Nice example of Matthaus Seutter's decorative and highly detailed plan of Brussels, with a striking view of the city below.
The map orients the southeastern part of the old city at the top of the plan, resulting in a pleasingly sub-symmetrical image. Detail is extensive, with the major arteries of the city all depicted and numerous buildings of importance depicted. In the bottom left is a key for thirteen such places.
The undoubtedly morbid view at the bottom of the map has a gallows view front and center, before giving way to a slightly more detailed view of the city. Eleven places of interest are noted throughout this view.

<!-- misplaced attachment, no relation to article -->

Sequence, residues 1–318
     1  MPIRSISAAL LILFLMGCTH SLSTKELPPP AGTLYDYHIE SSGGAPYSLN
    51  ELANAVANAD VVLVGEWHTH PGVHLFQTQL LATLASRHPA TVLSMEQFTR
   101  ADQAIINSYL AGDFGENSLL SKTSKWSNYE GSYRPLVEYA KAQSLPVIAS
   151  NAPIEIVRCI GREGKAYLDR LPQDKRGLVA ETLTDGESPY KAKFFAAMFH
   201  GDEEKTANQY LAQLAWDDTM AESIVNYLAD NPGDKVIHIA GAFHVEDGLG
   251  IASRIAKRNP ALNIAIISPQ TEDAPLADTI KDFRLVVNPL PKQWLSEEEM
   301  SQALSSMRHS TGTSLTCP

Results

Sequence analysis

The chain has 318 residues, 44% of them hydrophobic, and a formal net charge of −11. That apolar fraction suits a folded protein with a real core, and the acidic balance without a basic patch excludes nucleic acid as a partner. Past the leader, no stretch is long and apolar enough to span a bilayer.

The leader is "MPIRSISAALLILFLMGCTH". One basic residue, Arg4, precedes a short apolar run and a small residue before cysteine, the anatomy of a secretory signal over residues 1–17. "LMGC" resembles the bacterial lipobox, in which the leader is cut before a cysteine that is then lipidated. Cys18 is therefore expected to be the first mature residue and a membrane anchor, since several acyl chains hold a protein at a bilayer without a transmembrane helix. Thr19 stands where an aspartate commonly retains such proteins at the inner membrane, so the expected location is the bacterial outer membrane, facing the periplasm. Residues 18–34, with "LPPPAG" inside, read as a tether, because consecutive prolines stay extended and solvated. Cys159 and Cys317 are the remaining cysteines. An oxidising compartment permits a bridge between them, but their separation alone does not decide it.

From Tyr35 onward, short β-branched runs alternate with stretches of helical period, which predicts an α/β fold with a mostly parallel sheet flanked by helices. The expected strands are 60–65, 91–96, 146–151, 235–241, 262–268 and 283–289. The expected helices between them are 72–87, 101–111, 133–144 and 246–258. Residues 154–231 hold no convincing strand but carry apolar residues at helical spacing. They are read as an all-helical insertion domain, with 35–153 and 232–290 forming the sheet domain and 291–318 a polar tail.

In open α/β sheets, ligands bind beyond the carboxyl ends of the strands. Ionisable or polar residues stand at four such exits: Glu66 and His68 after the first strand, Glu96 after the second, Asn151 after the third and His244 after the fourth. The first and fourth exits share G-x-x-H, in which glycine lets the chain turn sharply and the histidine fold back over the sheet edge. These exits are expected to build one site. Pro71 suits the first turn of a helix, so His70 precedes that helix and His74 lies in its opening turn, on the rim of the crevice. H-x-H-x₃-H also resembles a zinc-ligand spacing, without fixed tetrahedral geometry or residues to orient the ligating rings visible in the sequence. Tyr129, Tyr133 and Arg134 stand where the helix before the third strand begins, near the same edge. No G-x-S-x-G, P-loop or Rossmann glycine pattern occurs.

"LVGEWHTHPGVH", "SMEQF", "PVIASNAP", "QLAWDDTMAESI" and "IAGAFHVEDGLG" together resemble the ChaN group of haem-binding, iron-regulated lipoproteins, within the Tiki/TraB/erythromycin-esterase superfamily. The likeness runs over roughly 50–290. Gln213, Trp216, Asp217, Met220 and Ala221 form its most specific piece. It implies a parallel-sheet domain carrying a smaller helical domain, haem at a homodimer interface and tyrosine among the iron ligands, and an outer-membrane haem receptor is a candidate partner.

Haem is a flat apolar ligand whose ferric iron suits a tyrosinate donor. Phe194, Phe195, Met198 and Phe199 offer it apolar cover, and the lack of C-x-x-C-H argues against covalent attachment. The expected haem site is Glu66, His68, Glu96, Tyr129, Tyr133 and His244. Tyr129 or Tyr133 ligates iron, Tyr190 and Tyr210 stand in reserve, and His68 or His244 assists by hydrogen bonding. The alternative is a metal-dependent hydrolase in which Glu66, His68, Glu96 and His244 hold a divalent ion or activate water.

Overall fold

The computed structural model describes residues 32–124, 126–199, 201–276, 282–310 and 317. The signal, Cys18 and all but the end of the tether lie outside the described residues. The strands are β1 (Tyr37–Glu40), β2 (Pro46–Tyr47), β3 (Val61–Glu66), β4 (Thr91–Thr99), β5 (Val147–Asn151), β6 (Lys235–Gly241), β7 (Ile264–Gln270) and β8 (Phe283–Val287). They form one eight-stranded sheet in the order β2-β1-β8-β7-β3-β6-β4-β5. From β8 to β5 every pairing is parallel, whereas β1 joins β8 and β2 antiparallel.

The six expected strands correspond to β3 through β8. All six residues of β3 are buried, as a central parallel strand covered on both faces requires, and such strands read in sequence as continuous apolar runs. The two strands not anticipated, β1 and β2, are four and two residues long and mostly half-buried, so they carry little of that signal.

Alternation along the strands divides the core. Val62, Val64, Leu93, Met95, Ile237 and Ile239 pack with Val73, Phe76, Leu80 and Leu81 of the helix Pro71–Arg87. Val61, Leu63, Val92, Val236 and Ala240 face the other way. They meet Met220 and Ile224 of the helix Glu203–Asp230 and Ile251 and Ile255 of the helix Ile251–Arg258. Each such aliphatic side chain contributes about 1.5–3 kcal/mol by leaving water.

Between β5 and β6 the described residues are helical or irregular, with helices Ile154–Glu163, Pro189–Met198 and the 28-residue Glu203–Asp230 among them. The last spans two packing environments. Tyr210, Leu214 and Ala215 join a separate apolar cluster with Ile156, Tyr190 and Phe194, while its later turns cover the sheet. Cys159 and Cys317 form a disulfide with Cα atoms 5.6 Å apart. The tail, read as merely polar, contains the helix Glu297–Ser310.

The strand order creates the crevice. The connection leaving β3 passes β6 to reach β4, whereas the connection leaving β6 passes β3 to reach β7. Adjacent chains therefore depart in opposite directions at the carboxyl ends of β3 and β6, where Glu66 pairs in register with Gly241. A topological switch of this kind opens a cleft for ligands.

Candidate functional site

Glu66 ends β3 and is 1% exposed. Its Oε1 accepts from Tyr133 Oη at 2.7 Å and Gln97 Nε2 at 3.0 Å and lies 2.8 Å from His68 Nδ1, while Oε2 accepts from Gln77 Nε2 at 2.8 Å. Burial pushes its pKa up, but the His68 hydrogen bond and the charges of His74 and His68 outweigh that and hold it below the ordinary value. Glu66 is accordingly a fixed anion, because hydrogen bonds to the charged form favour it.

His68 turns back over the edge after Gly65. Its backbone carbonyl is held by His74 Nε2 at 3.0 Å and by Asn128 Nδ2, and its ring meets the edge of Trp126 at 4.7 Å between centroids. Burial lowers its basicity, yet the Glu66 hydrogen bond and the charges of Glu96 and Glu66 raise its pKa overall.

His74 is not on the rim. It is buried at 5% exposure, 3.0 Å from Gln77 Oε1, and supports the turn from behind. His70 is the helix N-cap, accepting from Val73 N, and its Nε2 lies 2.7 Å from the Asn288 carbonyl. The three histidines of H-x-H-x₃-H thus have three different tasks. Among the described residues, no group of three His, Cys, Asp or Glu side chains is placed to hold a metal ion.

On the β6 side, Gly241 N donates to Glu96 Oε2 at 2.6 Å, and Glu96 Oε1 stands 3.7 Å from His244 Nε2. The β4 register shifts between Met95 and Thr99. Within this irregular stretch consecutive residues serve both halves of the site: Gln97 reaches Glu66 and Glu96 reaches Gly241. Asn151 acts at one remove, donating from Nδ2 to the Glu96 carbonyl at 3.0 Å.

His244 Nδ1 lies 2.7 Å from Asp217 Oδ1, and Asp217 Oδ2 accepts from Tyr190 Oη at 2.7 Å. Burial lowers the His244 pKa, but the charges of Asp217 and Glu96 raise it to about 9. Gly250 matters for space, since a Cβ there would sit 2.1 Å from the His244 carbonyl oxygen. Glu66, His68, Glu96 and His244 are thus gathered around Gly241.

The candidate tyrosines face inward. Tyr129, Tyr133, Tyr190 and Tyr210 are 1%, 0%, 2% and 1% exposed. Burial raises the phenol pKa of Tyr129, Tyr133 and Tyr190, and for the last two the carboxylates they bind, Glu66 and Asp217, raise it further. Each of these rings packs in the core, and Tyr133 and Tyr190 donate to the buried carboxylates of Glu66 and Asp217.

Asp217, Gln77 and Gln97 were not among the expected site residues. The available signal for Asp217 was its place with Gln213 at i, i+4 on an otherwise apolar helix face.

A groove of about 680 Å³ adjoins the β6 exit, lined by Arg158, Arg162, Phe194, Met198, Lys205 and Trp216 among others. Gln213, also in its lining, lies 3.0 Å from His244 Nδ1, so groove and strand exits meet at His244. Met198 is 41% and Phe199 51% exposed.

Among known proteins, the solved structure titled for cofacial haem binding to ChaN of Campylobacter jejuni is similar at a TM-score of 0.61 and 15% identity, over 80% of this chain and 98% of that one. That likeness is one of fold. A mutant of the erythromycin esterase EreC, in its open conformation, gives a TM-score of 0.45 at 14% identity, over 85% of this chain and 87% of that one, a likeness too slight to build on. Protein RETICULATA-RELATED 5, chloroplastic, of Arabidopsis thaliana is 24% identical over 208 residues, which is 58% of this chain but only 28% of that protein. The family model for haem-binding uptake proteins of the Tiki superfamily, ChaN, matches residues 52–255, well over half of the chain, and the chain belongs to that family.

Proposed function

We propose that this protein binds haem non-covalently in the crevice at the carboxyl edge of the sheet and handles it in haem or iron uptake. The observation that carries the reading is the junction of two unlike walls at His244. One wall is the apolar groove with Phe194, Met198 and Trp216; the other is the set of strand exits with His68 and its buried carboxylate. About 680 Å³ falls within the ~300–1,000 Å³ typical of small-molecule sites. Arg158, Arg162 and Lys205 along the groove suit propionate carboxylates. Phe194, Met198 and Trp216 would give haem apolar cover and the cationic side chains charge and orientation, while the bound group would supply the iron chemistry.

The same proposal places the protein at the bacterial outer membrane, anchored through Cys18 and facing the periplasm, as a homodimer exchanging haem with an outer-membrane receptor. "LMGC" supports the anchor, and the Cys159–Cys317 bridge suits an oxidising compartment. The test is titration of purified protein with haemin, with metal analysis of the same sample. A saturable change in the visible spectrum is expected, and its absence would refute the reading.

Matthäus Seutter (1678-1757) was a prominent German mapmaker in the mid-eighteenth century. Initially apprenticed to a brewer, he trained as an engraver under Johann Baptist Homann in Nuremburg before setting up shop in his native Augsburg. In 1727 he was granted the title Imperial Geographer. His most famous work is Atlas Novus Sive Tabulae Geographicae, published in two volumes ca. 1730, although the majority of his maps are based on earlier work by other cartographers like the Homanns, Delisles, and de Fer.
Alternative spellings: Matthias Seutter, Mathaus Seutter, Matthaeus Seutter, Mattheus Seutter